most tireless smoking-ban opponent Bill Hannegan stopped by the Riverfront Times the other day
. In so doing, Hannegan hinted how his Keep St. Louis Free
plans to topple the ban in the city that is slated to go into effect January 2011.
The strategy, says Hannegan, would be to challenge the ban's exemption that allows for smoking to continue unabated in St. Louis casinos.
A quick refresher for those of you not caught up on the issue: On November 3, voters in St. Louis County overwhelmingly voted in a smoking ban
that also triggered a somewhat similar ban for the city of St. Louis.
Both the city and county laws exempt casinos from the smoking bans. In the county, so-called "drinking bars" whose alcohol sales outweigh food sales by a margin of 3 to 1 will be exempted from the ban indefinitely. In the city, bars of a certain size (less than 2,000 square feet) are also exempted from the ban but only for a period of five years. After that, all bars will be smoke free.
The sunset provision of the city's ban particularly irks Hannegan. "This is going to hurt bar owners in the city a lot more than in the county," he says.
So, if Hannegan is so concerned about how the ban will impact bar owners, why is he now targeting the casinos?
Because he views the casino exemption as an unfair legal loophole that could kill the smoking ban all together. And there's legal precedent elsewhere to believe such a challenge would work.
In 2007, a court in Kentucky struck down a smoking ban in Louisville
that banned smoking in all public businesses except famed horse track Churchill Downs. In that case, a judge ruled it unconstitutional that the smoking ban affected every business but one special interest.
The Missouri Constitution has a similar statute prohibiting "special laws" that only favor one specific entity. Hannegan believes the exemption for casinos falls under that category. So, too, does Kansas City attorney Jonathan Sternberg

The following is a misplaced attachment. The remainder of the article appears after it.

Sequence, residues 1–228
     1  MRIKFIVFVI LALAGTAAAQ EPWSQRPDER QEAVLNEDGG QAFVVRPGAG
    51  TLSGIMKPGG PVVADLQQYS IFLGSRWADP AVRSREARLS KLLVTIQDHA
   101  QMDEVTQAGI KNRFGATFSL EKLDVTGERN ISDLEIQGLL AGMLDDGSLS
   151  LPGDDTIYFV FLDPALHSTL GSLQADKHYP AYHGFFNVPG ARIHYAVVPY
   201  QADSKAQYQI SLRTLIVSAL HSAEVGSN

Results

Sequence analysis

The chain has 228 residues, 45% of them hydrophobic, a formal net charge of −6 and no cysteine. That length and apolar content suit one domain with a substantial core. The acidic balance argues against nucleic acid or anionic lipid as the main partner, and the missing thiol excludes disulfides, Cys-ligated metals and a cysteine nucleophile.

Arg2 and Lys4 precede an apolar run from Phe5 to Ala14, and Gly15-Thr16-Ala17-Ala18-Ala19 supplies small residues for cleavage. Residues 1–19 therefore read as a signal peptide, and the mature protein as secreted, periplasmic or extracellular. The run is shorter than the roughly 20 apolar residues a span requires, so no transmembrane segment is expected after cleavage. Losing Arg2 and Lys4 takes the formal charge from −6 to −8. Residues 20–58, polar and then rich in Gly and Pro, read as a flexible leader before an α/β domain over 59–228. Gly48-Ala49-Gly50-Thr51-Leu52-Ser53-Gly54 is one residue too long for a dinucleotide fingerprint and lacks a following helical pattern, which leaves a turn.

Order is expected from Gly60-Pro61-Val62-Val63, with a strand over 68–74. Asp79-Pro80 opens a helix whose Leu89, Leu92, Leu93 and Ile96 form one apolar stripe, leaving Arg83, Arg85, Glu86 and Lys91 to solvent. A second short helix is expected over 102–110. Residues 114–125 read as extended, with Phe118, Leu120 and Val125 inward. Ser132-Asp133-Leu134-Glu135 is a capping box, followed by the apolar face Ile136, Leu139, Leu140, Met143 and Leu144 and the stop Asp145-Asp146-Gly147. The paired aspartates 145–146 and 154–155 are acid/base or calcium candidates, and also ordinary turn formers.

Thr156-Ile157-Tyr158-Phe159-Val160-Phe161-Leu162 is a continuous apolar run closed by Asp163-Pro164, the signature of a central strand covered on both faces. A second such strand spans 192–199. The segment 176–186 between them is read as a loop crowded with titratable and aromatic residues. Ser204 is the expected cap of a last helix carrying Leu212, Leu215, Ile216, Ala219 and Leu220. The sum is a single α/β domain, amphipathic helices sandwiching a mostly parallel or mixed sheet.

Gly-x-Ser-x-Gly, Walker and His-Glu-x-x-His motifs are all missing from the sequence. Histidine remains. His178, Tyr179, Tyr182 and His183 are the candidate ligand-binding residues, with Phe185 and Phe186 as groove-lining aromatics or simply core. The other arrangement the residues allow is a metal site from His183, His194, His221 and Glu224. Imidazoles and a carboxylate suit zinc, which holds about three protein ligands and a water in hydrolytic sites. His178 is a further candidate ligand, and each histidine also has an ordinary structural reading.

Sternberg is the lawyer who represented a consortium of businesses that challenged Kansas City's smoking ban last year. That lawsuit argued that Missouri's 1992 Indoor Clean Air Act explicitly excluded bars and restaurants from smoking regulations and that municipal laws could not trump state law.
Sternberg's case lost an appeal earlier this year
and the Missouri Supreme Court declined to hear the case. Yet, Sternberg believes the same argument could win the support of appeal judges in eastern Missouri and eventually bring the issue before the state's highest court.
He is even more convinced that judges would disagree with the casino exemption.
"I'd like to hear a convincing argument as to why casinos have such a special relationship to smoking -- unlike
any other business -- that they should be allowed to be exempted given the purpose
of the law," says Sternberg. "And what is the purpose of the law? It's to protect people's health
right? Well how are casinos different?"
Sternberg adds that since the number of casinos in Missouri is limited to 13, they could be viewed as a closed-class receiving special treatment under the St. Louis smoking ban.
As you might have guessed, Hannegan and Sternberg have been in discussion about a St. Louis challenge to the smoking ban.
But before any legal paperwork is filed, Hannegan says he needs some financial support from bar owners.
"I've already contributed about $30,000 to fighting these bans," says Hannegan, a painter by trade who considers himself only a social smoker. "It's time for the people who would be most impacted to take ownership."
Hannegan speculates that it would cost between $30,000 and $40,000 to fund a lawsuit against the St. Louis ban, which he sees as easier to overturn than the county law that permanently exempts both casinos and bars.
"That's a relatively small sum of money, especially considering how much St. Louis bars stand to lose economically," he says.Click here to read another take on a legal challenge to the St. Louis smoking ban.